One way to think about the long-term cost of your copay program is to approach your decision in the same way you might if you were buying a car. Maybe you’re thinking that you don’t need the Batmobile, you just need a vehicle that you can rely on to get you from home to work every day. So, you figure that buying a used truck makes the most sense because you don’t need all the fancy bells and whistles, and the price tag is under budget. But there’s one thing you might be forgetting – the lot price is just the first cost of buying your car. You’re also going to have to buy gas and invest in maintenance to keep it running. And because you chose an older vehicle, it is nowhere near as fuel efficient as a newer car, and the amount of maintenance could be high. Now you are realizing that your decision that seemed economically smart might not be the best choice after all, and if you choose a newer, more advanced model, you would be better off in the long run.
Well, you may not realize it, but if you don’t use the same logic with your copay program, it could also end up costing you more over time.
Patient Benefit and Copay Program Admin Fees
Nearly all copay programs have two lines of spend: the program’s administrative fees and the patient benefit.
As you can see in the diagram above, the patient benefit – the amount of money spent directly helping patients afford their medications by offsetting their copayment – is the vast majority of the spend. However, for most marketing, brand and procurement teams, the focus typically lands on the administrative fees, as these tend to be easier to negotiate in a RFP.
When selecting a patient access partner, if a brand only looks at who has the lowest administrative fees and not who can help them manage and use their patient benefit more efficiently, the cost to the brand could be significant.
Let’s use a fictional brand as an example. Brand A spends $2M on administrative fees and $100M on patient benefit spend. After careful deliberation, negotiation, and analysis, they select a new vendor with the lowest administrative fees, with a target of lowering spend by 20%, or $400K.
That’s a solid amount of savings, but it misses the big picture.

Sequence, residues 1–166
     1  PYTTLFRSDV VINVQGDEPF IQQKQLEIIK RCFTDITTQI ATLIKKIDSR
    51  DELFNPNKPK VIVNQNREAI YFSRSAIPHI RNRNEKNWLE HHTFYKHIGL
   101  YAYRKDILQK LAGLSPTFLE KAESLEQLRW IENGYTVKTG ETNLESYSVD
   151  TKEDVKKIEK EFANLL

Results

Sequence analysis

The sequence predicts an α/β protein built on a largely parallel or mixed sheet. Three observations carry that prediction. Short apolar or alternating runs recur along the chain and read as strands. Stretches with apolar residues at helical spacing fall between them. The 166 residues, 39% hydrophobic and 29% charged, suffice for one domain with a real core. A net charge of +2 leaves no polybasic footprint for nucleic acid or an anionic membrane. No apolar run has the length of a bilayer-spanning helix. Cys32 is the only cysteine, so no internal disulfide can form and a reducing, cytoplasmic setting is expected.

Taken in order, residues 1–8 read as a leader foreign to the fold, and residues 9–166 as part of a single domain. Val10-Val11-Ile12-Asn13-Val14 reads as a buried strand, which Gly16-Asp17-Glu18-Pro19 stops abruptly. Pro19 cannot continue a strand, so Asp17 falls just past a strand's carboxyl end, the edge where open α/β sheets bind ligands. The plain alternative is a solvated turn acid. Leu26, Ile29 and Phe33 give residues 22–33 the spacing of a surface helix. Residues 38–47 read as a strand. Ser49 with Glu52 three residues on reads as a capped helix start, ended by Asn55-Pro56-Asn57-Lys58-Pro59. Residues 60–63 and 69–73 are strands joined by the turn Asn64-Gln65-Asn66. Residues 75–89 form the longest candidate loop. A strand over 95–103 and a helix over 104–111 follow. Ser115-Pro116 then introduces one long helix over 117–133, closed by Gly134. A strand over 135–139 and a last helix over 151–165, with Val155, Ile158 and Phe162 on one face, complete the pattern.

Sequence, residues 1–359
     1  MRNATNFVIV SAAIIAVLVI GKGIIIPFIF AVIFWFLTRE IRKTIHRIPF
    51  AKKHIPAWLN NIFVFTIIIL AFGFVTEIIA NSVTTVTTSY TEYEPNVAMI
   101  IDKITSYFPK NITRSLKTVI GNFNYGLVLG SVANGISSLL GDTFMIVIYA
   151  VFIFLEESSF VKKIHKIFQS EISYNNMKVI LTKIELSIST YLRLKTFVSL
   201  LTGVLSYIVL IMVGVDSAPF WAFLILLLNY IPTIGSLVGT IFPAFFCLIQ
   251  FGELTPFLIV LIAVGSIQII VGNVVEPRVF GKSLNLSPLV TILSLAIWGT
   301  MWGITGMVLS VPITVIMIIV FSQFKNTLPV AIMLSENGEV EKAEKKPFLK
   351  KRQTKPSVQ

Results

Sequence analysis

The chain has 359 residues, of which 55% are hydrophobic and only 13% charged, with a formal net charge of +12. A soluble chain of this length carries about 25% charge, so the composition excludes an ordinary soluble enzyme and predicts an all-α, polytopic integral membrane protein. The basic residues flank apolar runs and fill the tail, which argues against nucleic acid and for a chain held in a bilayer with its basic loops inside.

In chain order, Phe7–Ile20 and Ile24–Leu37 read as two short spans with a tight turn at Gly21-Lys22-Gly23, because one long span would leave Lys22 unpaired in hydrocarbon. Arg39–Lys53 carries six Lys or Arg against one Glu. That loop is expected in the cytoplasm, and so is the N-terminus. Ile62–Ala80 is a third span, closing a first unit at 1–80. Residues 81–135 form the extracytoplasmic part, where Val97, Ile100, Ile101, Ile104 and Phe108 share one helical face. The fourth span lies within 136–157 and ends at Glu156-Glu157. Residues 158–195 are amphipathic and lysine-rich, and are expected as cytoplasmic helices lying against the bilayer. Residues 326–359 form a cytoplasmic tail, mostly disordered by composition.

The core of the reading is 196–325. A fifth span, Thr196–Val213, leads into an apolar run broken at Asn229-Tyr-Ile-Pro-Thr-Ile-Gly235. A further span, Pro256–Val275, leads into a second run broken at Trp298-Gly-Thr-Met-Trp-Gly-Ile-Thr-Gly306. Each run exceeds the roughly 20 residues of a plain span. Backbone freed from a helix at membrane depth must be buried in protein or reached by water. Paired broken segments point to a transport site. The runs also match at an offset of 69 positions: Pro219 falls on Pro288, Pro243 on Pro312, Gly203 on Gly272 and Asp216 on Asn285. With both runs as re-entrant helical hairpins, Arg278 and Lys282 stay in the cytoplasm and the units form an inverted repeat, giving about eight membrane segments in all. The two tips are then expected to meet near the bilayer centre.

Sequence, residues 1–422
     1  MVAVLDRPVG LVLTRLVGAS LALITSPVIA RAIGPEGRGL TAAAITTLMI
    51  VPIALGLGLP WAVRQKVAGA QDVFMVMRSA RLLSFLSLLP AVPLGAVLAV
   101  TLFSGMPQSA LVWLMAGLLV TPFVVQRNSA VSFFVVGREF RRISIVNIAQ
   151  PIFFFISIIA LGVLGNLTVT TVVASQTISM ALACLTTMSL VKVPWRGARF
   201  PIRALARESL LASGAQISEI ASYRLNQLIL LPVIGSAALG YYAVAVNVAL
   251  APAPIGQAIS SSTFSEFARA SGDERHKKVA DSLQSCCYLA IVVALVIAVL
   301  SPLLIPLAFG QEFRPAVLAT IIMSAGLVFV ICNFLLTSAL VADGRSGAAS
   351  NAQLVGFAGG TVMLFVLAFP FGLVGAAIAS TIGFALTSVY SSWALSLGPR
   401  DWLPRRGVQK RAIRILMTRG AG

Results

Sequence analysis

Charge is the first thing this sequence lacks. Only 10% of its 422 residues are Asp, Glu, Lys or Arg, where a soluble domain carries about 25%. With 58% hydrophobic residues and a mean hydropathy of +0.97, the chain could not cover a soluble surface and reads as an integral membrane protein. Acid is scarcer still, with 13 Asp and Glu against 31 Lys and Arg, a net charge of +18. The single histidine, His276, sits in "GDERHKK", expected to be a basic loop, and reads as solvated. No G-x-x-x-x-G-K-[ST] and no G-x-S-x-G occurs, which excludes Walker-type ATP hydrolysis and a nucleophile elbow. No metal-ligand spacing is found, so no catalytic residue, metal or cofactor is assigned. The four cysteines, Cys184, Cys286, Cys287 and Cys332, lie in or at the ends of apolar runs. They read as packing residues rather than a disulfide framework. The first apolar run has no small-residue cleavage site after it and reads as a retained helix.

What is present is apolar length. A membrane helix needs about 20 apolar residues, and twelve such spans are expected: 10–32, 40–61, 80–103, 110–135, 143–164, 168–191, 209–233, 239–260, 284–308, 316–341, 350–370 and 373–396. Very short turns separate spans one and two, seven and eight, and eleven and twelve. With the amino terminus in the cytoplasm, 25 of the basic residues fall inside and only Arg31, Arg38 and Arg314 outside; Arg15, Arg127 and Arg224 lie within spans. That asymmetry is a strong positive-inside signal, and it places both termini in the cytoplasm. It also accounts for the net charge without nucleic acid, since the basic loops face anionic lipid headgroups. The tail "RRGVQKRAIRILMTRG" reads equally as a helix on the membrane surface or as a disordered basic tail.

Let’s think about if Brand A had focused on the full copay budget – administrative fees and patient benefit. They ask for a model of total spend and compare; this time with a vendor that offers 2% savings on patient benefit and flat administrative fees. At first glance, this seems like a bad deal compared to the 20% savings on administrative fees. But a 2% savings on benefit spend actually yields $2M – five times what the focus on fees would deliver.
Why Your Patient Access Strategy Matters
Working with a strategic patient access partner can optimize the patient benefit spend and drive significant savings (without impacting sales!).
In another example, you might be thinking that a generous $0 copay card might be a strong driver for sales. A free prescription can be very enticing for patients, sales reps, and brands. Here is where it is important to think about quality over quantity. A vendor could simply execute a $0 copay card program for you because it’s going to increase your script count…for now. A strategic partner would look towards the future, help you understand the relative cost and benefit of a $0 program, and ultimately help you make the right decision, potentially saving you millions in the long term.
When it comes to selecting a partner for your patient access programs, make sure you’re looking at the whole picture and understand the true cost of that partner. Keep in mind, though, that this doesn’t mean you should ignore administrative fees and cost. Overall, a holistic approach to assessing a partner is best in the long run, just the way it would be if you were buying a car. Account for all the ways your decision can help you save – or all the ways it could cost you.